His flight was getting close to their target when Major Sheen -- known to his friends as "Mike," after his boyhood collie, Micky -- hit the switches to open the bomb bay doors then lower the bomb rack, preparing for the bombing run. The doors opened just fine, but when the rack (which could carry a bomb load of either four 1,000-pound bombs, two 2,000-pound bombs, six 600-pounders, twelve 300-pounders, or thirty 100-pounders, although I don't know which configuration was in use here) started to move, Mike Sheen heard a horrible metallic SCREEEEECH!!!!!! A quick visual check by a crewman told him that the rack had come partway out of its moorings and was hanging askew, unable to be lowered far enough to drop the bombs, nor retracted so the doors could be closed.

            Mike radioed back to Chipping Ongar, outlined the situation, and asked for instructions. He was told to "orbit" over the English Channel while the situation was considered.

            The Secksma Sheen circled, and waited, and the fuel gauge dropped, and they circled, and waited, and eventually Sheen radioed back and told his commanders, "Look, if you want us to ditch, we'll ditch. If you want us to land, we'll do that. But if you're going to make a decision, you have to do it _now_, because the fuel gauge is about to make it for you!"

            Reluctantly, through clenched teeth, they told him to come back to Chipping Ongar and land.

            As the Secksma Sheen approached the runway, Mike Sheen could see the runway lined with all manner of emergency vehicles. He lined up for his landing.

            Now, the Marauder was not a particularly easy plane to fly. It was known as "The Widowmaker" because it was _so_ aerodynamic that it was particularly difficult to take off or land without the lift on the wings and tail flipping the plane on its nose. One consequence of this was that there were no soft, smooth, "airline-style" landings in a B-26. You had to plant that thing firmly on the runway, with an authoritative slam.

            And that's what Mike Sheen did that day, lining up the tricycle landing gear, pulling back the throttle, firmly controlling the stick, and after that hard slam of wheels against pavement, he heard another sound, an even longer, louder, tearing-metal SHRIIIIEEEEEKKKKK!!!!!!!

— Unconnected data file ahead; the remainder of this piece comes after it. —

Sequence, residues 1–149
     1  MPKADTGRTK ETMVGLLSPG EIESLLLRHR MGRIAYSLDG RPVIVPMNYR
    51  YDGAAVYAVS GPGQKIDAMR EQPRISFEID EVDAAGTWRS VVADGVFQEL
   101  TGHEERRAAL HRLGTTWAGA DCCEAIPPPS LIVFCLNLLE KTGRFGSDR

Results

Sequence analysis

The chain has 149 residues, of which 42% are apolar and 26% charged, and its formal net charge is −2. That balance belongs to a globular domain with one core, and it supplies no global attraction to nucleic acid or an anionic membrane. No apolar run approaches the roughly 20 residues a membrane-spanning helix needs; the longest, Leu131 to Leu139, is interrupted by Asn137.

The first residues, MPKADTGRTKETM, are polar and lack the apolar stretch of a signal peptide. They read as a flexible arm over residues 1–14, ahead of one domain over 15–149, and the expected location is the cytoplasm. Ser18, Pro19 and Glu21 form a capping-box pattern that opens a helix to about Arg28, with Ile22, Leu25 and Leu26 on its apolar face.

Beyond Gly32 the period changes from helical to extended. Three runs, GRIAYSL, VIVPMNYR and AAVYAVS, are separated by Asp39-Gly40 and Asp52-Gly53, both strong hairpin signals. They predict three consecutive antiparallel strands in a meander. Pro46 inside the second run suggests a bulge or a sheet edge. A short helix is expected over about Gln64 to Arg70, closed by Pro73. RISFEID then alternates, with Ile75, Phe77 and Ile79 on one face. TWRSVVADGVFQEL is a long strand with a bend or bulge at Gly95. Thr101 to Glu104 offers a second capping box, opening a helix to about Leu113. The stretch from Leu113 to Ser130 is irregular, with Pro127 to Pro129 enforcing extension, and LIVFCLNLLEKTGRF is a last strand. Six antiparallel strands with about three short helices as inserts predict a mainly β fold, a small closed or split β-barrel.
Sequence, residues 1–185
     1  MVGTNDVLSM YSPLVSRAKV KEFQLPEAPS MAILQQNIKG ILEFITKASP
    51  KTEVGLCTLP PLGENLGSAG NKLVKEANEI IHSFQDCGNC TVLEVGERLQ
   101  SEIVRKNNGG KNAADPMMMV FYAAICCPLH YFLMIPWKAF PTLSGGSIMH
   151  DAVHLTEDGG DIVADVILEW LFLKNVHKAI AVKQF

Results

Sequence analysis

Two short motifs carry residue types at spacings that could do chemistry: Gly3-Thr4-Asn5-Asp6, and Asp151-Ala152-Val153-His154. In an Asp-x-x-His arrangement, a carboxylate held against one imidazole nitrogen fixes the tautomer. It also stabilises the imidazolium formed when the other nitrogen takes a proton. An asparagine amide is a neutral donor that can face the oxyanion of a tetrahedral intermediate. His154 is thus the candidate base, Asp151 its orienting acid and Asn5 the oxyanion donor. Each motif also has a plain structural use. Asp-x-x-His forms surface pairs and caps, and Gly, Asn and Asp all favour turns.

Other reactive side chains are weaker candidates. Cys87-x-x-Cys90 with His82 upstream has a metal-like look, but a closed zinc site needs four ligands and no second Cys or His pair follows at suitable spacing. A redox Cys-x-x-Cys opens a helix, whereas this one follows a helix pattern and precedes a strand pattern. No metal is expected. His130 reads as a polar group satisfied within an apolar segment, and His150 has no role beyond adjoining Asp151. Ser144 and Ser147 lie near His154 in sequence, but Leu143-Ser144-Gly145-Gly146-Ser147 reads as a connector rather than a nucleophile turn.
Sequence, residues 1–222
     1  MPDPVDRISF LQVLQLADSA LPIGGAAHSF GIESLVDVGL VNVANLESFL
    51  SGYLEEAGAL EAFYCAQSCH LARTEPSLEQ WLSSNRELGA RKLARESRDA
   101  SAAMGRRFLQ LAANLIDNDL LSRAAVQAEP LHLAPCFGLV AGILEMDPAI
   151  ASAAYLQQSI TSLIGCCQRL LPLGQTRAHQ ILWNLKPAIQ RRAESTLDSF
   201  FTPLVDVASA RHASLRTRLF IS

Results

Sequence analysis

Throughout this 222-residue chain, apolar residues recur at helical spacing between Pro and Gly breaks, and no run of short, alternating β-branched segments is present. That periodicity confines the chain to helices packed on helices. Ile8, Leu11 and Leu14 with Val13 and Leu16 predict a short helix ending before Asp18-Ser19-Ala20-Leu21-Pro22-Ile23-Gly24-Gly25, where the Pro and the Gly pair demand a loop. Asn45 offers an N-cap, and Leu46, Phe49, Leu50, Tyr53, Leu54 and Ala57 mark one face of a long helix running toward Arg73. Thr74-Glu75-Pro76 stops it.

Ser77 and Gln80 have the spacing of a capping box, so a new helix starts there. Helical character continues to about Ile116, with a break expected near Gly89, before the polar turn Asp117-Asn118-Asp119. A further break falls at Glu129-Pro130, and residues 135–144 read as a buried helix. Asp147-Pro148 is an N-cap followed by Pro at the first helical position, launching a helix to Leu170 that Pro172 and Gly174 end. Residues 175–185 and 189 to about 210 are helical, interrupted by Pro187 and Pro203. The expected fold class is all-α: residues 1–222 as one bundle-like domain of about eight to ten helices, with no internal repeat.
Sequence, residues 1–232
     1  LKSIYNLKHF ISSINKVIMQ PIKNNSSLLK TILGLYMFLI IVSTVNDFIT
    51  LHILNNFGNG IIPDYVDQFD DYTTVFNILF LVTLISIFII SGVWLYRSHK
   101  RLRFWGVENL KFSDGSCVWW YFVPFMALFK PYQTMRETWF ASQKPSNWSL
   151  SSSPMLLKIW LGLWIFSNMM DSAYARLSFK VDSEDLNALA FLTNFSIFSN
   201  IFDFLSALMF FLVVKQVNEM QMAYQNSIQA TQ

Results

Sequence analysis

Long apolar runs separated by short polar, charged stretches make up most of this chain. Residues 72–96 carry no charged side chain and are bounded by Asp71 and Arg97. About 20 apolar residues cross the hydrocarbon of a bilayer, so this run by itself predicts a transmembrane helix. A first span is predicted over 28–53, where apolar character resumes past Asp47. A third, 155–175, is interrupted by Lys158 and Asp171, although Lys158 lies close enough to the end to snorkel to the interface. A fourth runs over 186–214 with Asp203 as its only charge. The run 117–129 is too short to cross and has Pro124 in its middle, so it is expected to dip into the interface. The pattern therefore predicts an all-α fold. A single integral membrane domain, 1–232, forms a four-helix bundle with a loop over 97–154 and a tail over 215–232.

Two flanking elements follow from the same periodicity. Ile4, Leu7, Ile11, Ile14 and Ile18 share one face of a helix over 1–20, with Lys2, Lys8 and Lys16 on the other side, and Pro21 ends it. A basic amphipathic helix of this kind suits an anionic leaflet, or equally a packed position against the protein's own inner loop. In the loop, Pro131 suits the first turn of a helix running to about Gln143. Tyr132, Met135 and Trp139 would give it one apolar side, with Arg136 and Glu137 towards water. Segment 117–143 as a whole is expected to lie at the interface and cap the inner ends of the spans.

Then, for an instant, silence.

            Then, a series of clanking thuds, rapidly diminishing, as the control tower began yammering loudly into his ear.

            His rear-view mirrors showed the amazing sight: The bomb-rack, still loaded with a full complement of bombs, tumbling end-over-end down the runway behind the plane, as, in his headphones, he heard the Tower Chief screaming, "Goddammit, Sheen, bad enough we've got the Nazis after us, now YOU'RE trying to blow us up as well????"

            The Secksma Sheen came to a successful, safe stop, as did her bomb rack far behind, without a single bomb going off. No-one, that day, on that crew, was killed or injured. The plane was repaired and saw more service, being destroyed in an accident on Dec 26, 1944.

            My dad, Mike Sheen, didn't tell many stories about his days flying the Secksma Sheen. When he did speak about it, in his later years, he spoke with horror of the men he'd killed. I don't think he ever saw the war as any kind of grand adventure. I heard this story, not from Dad, but from my older brother, at Dad's funeral in 1990.

            But it's one of the stories I prefer to remember, when I remember and honor his service.

During the Korean "Police Action" my Dad served as a U.S. Army Chaplain. Here's a picture. This looks a lot more like Dad as I remember him.

Again, click the picture for a larger version.

There's a bit here and here about Dad's service during the Korean conflict. Search for the name "Sheen" on the page.
Dad spoke about it once or twice. He was performing a service at a forward unit, and the lines moved past them overnight. He was the ranking officer on-site, so he took command of the unit and led them out, through a pea-soup fog, in the middle of the night, to friendly territory. Dad spoke of the unit marching in single file, each following the man in front of him, barely visible through the fog, while they could hear, but not see, the North Koreans marching past them through the fog.